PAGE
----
Particularly, the deposition or sputtering for forming the conductive material layer is normally carried out at a low temperature (200 C. or less), the plating is performed at a lower temperature, and the etching step is also carried out at a lower temperature. Therefore, no brittle alloy is formed due to the diffusion between the gold used as the conductive material layer and the copper wiring layer, and the material layer 17 has sufficient strength. The printing and baking of a gold paste can be, for example, considered in the formation of such a conductive material layer, but diffusion between the gold and the copper occurs at a high temperature required to bake the gold paste, resulting in the formation of brittle alloy, which is not preferred as a bonding pad.

In the method of the above embodiment, the insulating layers are formed of an inorganic oxide. Therefore, its heat dissipation is for superior to the organic material, and the insulating layers of the inorganic oxide are well-suited for mounting a large-power semiconductor element.

Since the wiring layers 12, 14 and 16 are formed by printing and baking of the copper paste in the embodiment described above, the thickness of the wiring layers can be increased, a thickening step involving plating is not necessary, and no problem occurs even in the passage of a large current therethrough. In particular, the thick wiring layer formed of the copper paste has features and advantages not only of electrical conductivity, but of preferable solderability and a resistance to solder reaching.

FIGS. 2A to 2E show sectional views for describing another embodiment of the method according to the present invention. In this embodiment, a copper wiring layer at least formed directly on the insulating substrate is formed of a thin copper film.

As shown in FIG. 2A, a thin copper film 22 is formed, for example, by vapor deposition, sputtering or plating, in a thickness of about 1 to 20 μm on the overall surface of an insulating substrate 21 similar to the insulating substrate 11. As shown in FIG. 2B, a photoresist is formed on the overall surface of the thin copper layer 22, exposed and developed in a predetermined pattern so as to remove the unnecessary portion is removed therefrom. Using the remaining photoresist 23 as a mask, the thin film 22 is selectively etched and removed. Subsequently, the photoresist 23 is removed, for example, by an oxygen plasma, by baking at a temperature at which the thin film 22 is not oxidized (400 to 500 C., or less), or by a resist stripper.

Subsequently, the substrate 22 is heated in the above-described neutral atmosphere at a temperature at which the thin copper film 22 reacts with the inorganic oxide material forming the insulating substrate 22. In the case where the substrate 21 is formed of a material which contains as a main ingredient aluminum oxide (Al2 O3), a copper aluminate 24 is formed, as shown in FIG. 2C, at a temperature in the range from 900 C. to 1,200 C., and the thin copper film 22 is rigidly bonded to the substrate 21. In the case where the substrate 21 is formed of a material which contains as a main ingredient silicon dioxide (SiO2), the thin copper film 22 is similarly rigidly bonded to the substrate 21 at a temperature in the range from 750 C. to 950 C.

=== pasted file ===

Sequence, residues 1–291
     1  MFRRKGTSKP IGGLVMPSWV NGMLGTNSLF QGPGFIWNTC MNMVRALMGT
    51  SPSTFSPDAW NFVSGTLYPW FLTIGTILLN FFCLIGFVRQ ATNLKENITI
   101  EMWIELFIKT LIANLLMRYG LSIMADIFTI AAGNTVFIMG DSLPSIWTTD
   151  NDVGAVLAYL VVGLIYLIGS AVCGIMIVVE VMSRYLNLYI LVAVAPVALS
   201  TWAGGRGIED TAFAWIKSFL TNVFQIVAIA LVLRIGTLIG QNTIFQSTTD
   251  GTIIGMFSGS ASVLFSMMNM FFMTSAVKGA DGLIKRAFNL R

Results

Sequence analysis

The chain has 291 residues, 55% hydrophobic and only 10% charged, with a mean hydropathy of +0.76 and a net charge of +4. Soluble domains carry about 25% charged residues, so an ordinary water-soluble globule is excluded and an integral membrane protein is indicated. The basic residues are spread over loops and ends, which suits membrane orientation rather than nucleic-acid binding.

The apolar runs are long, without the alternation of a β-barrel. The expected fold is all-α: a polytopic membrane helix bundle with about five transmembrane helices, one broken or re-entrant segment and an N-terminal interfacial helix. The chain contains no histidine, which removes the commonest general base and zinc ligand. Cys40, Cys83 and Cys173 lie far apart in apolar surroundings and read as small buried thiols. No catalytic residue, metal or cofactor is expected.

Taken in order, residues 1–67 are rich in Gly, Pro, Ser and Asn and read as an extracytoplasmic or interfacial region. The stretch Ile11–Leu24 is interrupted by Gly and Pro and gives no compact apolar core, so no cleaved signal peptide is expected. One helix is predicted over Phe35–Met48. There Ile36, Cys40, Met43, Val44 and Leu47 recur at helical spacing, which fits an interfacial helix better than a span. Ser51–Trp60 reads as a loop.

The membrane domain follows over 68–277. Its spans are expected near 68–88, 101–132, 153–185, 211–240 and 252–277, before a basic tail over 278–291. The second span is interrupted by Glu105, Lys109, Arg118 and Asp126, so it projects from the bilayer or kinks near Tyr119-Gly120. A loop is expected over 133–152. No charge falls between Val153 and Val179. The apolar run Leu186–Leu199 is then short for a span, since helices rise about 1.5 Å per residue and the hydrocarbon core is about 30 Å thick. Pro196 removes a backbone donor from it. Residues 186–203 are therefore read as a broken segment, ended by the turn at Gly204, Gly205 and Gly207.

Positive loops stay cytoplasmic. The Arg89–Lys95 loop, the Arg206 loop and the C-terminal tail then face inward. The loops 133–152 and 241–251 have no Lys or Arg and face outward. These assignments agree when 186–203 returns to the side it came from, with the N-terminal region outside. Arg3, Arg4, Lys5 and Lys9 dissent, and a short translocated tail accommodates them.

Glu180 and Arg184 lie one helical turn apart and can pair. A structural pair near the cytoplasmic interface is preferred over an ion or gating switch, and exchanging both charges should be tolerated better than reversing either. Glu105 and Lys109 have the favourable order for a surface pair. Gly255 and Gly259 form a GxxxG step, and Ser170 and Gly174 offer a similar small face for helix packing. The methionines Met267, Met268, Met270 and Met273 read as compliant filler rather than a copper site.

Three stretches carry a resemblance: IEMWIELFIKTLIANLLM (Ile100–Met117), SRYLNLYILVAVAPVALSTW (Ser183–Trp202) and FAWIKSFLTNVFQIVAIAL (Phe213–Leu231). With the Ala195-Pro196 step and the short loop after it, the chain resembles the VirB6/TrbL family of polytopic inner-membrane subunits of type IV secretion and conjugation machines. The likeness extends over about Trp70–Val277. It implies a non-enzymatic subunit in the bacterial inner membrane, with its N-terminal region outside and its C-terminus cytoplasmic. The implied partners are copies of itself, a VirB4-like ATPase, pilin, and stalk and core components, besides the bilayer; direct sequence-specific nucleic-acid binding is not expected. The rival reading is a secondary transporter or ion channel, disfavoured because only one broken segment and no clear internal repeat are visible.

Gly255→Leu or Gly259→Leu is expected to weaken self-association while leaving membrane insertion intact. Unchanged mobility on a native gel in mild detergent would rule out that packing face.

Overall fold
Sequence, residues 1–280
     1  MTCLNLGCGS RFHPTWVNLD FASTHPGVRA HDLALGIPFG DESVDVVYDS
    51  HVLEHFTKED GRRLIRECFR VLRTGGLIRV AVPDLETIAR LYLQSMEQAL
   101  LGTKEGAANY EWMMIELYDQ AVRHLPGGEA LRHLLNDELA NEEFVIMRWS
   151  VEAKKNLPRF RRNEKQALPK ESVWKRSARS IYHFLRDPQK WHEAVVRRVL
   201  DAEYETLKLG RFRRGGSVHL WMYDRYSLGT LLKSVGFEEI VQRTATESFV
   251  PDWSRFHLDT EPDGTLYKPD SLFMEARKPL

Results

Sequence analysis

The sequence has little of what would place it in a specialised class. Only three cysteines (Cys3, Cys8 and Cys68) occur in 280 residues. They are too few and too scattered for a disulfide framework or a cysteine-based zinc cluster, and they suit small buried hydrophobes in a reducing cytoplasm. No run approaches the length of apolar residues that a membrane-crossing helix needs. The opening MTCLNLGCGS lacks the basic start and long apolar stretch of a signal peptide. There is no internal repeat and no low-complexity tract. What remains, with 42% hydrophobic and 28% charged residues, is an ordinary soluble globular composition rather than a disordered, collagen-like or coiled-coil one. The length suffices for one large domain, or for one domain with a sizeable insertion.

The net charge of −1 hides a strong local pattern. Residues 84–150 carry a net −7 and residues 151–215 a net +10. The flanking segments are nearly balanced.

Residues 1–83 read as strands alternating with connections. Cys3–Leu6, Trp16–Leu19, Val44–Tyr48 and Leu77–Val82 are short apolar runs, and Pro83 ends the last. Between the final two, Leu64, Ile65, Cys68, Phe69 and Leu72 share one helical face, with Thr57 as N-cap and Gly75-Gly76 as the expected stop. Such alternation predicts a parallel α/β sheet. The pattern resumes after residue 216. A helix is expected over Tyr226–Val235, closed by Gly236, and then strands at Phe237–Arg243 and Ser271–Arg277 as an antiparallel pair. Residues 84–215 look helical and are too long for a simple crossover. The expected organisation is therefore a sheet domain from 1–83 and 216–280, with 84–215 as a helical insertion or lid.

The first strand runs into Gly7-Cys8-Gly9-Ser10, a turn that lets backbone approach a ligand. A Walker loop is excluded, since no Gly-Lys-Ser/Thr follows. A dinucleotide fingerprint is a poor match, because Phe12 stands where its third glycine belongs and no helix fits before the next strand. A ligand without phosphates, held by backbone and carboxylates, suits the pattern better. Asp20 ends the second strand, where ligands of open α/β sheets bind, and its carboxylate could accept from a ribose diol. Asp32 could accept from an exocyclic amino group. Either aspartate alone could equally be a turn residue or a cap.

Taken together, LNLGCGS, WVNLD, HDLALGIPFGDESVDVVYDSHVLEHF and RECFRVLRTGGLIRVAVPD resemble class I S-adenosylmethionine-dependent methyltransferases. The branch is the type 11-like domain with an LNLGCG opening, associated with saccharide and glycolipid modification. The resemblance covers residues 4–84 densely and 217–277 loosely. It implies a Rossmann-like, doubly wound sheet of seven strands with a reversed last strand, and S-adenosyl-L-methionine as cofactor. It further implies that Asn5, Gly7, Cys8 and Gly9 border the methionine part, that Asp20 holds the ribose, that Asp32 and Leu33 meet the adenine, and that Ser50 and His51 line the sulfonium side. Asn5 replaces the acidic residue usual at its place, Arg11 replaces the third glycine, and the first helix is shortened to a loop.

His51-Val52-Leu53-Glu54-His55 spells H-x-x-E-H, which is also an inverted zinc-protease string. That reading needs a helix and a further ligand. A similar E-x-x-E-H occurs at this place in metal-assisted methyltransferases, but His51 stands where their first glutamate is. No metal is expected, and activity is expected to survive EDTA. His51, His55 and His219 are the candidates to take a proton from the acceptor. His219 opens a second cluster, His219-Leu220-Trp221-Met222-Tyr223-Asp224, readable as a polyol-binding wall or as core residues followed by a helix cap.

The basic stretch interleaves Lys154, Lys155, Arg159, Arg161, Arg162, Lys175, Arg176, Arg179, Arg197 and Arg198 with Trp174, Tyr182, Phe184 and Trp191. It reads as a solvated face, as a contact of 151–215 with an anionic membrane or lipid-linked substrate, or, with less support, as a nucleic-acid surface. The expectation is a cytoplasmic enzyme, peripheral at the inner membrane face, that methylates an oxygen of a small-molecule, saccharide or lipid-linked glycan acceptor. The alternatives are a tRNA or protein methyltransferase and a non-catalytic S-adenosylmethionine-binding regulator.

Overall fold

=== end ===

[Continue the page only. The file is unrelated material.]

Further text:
In this manner, a wiring pattern layer 25 which is formed of the thin copper layer 22 is formed, as shown in FIG. 2C, on the substrate 21.

Then, an inorganic oxide material paste is printed in the same manner as described with respect to FIG. 1, then baked in a neutral atmosphere, and an insulating layer 26 which selectively exposes the wiring layer 25 is formed (FIG. 2D). Thereafter, a second wiring layer 28 is formed through the printing of a copper paste and baking in a neutral atmosphere in the same manner as described with respect to FIG. 1. Subsequently, a copper paste and an inorganic oxide material paste are alternately printed and baked as described with respect to FIG. 1, as required to manufacture a substrate for supporting a predetermined laminate. Or, the second wiring layer 28 and the subsequent wiring layer or layers may be formed of thin copper films and may react with the primary insulating layer in the same method as described with reference to FIGS. 2A to 2C.

A bonding pad is formed by the same method as described with reference to FIG. 1 on the uppermost copper wiring layer of the laminate on the substrate 21 thus obtained.

Particularly, in this second embodiment, when the thin copper film is employed as the wiring layer, it is rigidly bonded to the underlying insulating layer or insulating substrate.

FIGS. 3A and 3B are sectional views for describing still another embodiment of the method according to the present invention. In this third embodiment, a copper wiring layer formed directly on the insulating substrate is formed of a thin copper film.

As shown in FIG. 3A, an adhesive layer 32 and then a film 33 of material capable of forming a stable alloy with copper are formed on an insulating substrate 31, and a thin copper film 34 is covered thereon and formed, for example, by a vapor deposition, sputtering or plating in a thickness of about 1 to 20 μm. The adhesive layer 32 is formed of a metal which has a free energy of formation of oxide larger than that of copper, such as titanium, vanadium, chromium, tungsten or alloys thereof in a thickness of about 200 to 3,000 Å. On the other hand, the film 33 is not always necessary, but is preferred to form a stable alloy with the copper at the subsequent baking time to rigidly bond the thin copper film 34 to the adhesive layer 32. The film 33 is formed, for example, of nickel or palladium.

Subsequently, the films 34, 33 and 32 are selectively removed by photoetching in the same manner as described with reference to FIG. 2A. Thus, a wiring pattern 35 is obtained as shown in FIG. 3B.